WE’RE HEARING…makers of a PBS documentary believe regulatory officials should have done more to find executives involved in the massive mortgage-related securities losses taken during the downturn that they could successfully levy criminal charges against.
I came away understanding the frustration but also wanting to clarify that doing so is less important than implementing and enforcing reform of the system as a whole.
Sure, we all want to punish when things go wrong and we want what sounds like appropriate punishment. But a more disturbing point in the documentary that is not necessarily acknowledged and more of a priority is the fact that the problem was a systemic one.
Can you fairly punish or blame an entire system, and which part of the system do you single out?
Certainly, groups like Occupy Wall Street and others have argued so that the sell-side securities market mentality in conjunction with lax mortgage underwriting between 2005 and 2007 are largely to blame.
But others like veteran Wall Street researcher and executive Mark Adelson tell us the causes are much more far-reaching and complex. And as one regulatory official grilled in the documentary points out, the ramifications of taking a sweeping enforcement action that could jeopardize a large financial system are enough to keep you awake at night. The documentary is dismissive of this point but I’m not.
What regulators should be blamed for is allowing this to occur on too large a scale, either because recent history shows existing rules weren’t sufficient or that they weren’t enforced well enough.
The latter is where the documentary’s main point holds some water. Identifying a “criminal” level of behavior and showing that one “can’t get away with it” has some merit. And the RMBS Working Group should live up to its promise to look into both criminal and civil actions, or do a better job of explaining why the latter are not as feasible as the former if indeed they are not.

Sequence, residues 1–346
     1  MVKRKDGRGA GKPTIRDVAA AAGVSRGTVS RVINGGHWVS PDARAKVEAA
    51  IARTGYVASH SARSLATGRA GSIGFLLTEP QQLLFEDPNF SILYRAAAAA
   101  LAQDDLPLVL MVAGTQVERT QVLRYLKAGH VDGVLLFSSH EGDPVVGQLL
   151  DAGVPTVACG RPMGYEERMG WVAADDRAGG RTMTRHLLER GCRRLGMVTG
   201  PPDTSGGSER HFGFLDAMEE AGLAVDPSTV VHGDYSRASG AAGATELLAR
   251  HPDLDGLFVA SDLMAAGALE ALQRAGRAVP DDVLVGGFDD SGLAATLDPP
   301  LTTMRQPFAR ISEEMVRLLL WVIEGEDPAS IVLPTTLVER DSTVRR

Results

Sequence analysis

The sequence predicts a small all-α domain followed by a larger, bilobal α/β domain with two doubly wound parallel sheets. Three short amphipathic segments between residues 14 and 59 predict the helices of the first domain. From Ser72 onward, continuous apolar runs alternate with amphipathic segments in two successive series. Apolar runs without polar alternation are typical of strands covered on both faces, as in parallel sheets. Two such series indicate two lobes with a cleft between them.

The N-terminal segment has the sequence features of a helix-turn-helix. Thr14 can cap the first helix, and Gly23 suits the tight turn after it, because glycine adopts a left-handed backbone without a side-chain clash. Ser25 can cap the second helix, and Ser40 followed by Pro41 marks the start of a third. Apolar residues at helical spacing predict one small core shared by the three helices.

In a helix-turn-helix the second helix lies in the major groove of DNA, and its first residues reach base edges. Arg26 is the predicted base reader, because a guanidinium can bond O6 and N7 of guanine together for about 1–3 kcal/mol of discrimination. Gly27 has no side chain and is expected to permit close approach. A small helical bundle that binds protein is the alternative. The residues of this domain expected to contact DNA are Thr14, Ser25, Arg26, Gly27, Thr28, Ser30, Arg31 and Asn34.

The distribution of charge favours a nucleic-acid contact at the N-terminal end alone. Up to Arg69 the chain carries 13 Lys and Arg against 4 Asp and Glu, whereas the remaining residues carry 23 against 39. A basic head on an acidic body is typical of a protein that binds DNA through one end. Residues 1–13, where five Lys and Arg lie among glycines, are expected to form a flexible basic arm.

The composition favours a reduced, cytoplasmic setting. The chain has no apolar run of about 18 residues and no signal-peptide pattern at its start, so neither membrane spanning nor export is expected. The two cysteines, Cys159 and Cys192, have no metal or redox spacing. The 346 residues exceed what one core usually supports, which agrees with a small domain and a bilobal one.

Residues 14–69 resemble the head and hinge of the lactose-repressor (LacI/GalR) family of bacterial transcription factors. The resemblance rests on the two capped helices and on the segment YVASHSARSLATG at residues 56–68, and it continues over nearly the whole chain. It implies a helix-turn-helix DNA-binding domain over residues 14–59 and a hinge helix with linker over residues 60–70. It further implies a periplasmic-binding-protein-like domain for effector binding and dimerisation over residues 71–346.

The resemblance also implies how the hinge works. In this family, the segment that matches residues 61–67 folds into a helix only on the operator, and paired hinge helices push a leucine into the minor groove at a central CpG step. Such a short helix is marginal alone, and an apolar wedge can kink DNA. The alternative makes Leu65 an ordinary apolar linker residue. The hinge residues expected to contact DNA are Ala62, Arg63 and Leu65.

But given that government resources are scarce, I think there need to be priorities, and for regulators this means putting an emphasis on preventing financial crimes going forward rather than retroactively.
When it comes to a systemic problem, reforming the system’s the main way to do this, and it needs to be done in consultation with the industry so that it’s feasible. These won’t and haven’t always been friendly discussions, but they don’t need to be completely adversarial either. Both should be aligned in wanting to avoid to the extent possible the kind of market-driven punishment suffered by consumers, the government and businesses during the downturn.
Bonnie Sinnock is managing editor of National Mortgage News and editor of Origination News. She has been covering the mortgage industry since 1995.